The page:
source of an usually the source veins are the internal iliac veins or the gun at Elaine's and those are tough to ultrasound so secondary evidence of incompetence or leaky valves in those systems is varicosities

and so in the case of pelvic venous insufficiency those varicosities are in the pelvis and you see on the slide here you got varicose veins deep in the pelvis here and here and see some larger ones in that same

area on that CT scan so that'll tell us varicose veins that doesn't necessarily tell you whether the issue is with a gonadal vein or an internal iliac vein it just tells you that there are sequelae of varicosities much like in

the leg you might have varicose veins in the ankle but the problem is really higher up in the leg at this afterno femoral Junction so that gives us secondary evidence but it hasn't really told us the cause of the varicose veins

this is just a CT image that it also may show a large gonadal vein right here so you normally should not see it that big it's right there also secondary evidence that the valve is incompetent but it doesn't really test the valve itself

it's it just gives you the idea that veins enlarge and the valves gonna be leaky this is a cartoon schematic of the

pelvic veins and in the most common scenarios it's the left go nate'll Baine and that's the vein that's circled there

and so when we're evaluating someone for leaky valves in their pelvic venous system you do that through catheter vena Graham and I'll show you exactly how we do it but really there's four pathways at least for the four main ones that you

have to look at and that's the both side gonad all veins for right and left gonna handle vein which are imaged there and then the internal iliac veins on both sides so those are sort of the four pathways that you start with evaluating

on a catheter vena Graham the first sign that there is a leaky valve is by doing a vena Graham in the renal vein so the left gonadal vein communicates with the left renal vein if you want to hit play on that video the if I do a left renal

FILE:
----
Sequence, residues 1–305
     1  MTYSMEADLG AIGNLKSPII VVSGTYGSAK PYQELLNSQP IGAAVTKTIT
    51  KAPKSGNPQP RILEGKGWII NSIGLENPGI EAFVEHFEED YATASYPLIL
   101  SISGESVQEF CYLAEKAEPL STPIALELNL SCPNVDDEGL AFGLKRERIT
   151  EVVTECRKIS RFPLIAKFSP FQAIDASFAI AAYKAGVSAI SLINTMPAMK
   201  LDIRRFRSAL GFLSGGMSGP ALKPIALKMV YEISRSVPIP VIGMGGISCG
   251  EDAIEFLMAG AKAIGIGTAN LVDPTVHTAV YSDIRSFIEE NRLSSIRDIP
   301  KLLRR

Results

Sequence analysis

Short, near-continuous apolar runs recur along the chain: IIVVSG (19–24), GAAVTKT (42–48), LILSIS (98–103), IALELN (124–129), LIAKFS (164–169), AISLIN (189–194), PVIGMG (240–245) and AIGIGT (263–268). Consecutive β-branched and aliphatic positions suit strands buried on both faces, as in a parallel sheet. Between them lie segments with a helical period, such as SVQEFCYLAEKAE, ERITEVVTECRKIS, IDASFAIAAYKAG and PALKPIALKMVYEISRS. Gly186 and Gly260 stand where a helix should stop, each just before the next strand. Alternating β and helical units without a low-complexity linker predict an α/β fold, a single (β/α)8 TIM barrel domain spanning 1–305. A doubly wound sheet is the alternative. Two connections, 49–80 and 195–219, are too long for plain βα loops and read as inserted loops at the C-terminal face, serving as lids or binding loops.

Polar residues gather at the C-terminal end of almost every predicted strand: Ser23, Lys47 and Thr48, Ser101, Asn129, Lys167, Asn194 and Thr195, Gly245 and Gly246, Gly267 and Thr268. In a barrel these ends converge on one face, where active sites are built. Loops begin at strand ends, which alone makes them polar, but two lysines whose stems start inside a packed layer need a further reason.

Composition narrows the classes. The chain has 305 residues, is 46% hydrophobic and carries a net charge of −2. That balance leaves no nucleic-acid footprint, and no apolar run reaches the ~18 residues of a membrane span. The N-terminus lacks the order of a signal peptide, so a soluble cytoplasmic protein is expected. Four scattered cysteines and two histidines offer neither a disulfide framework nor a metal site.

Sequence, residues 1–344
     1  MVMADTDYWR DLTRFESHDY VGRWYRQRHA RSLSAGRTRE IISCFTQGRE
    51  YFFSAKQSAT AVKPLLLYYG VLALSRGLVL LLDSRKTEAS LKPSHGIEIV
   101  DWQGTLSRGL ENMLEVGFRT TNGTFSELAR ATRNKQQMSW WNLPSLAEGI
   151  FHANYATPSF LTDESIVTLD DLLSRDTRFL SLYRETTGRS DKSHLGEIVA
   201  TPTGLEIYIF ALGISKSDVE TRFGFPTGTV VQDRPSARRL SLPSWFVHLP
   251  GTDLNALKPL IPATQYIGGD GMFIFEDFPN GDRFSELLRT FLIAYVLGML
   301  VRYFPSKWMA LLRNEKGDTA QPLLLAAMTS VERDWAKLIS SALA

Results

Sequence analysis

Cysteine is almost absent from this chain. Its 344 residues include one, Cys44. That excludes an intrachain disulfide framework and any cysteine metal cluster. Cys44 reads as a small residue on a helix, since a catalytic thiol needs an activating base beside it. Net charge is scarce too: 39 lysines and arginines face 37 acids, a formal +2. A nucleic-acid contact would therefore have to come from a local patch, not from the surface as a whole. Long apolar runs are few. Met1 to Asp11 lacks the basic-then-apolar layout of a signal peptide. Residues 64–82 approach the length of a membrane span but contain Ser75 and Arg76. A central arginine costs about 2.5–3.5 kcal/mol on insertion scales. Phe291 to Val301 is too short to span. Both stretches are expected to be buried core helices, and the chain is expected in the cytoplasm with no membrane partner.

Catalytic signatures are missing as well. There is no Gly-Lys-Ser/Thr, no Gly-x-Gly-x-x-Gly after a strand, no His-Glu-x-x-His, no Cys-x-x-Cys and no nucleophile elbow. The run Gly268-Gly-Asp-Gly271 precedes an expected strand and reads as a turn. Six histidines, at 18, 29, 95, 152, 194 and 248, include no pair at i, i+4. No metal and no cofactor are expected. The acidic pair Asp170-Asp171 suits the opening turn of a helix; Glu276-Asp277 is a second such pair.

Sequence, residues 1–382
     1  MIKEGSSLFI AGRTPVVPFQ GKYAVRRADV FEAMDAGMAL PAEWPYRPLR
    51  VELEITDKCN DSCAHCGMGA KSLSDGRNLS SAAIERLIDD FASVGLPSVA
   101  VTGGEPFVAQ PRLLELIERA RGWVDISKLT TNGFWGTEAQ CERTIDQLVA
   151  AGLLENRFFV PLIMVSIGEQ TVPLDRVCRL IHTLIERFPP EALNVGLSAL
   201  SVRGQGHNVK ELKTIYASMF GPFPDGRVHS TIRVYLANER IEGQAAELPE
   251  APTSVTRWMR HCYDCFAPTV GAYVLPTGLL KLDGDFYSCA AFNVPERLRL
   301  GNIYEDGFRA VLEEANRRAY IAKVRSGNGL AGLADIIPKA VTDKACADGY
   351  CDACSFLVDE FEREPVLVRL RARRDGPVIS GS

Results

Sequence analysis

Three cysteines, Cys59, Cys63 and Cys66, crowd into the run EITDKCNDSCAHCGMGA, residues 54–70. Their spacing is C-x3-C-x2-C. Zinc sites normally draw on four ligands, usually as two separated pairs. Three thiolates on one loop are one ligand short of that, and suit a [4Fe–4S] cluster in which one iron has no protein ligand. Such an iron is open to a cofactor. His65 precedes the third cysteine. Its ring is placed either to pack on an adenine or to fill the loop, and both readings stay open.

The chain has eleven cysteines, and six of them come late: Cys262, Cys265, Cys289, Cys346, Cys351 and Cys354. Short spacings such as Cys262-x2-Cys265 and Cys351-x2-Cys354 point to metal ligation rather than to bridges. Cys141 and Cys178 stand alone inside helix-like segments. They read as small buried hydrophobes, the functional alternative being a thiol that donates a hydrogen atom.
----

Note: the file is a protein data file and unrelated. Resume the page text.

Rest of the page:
vena Graham you should not even see the gonna dull vein but if you see reflux down the gonadal vein you'll see it here so renal vein looks great but you should not see any blood flow going against against the

grain there so that's clearly venous insufficiency I think this is just another video showing the same you want to hit the play on that one a different patient again renal vena Graham showing a huge go nate'll Baine so that clearly

has valves that don't work that's how you can specifically test for venous insufficiency on this one you'll hit the play on this video this shows us what a normal renal vena Graham would look like and you're not seeing any part of the

gonadal vein so what are the general

treatment options once you've sort of isolated that there are leaky valves and the patient has typical symptoms that there are some surgical options but really embolization and catheter

directed treatment are really the mainstays of treatment both because it's an outpatient procedure you get to go home the same day and the recoveries fairly easy the factors that we consider when you embolize or block these

varicose veins are listed here you want to you want desired duration you want it to be closed forever you can't replace valves it would be nice to be able to do that but there's not a valve replacement so much like in the leg when you're

treating varicose veins you're either blocking or taking veins out so the surgical options are to take the vein out or to ligate but and the vascular options would be to block it and so I would just thought I would cover just a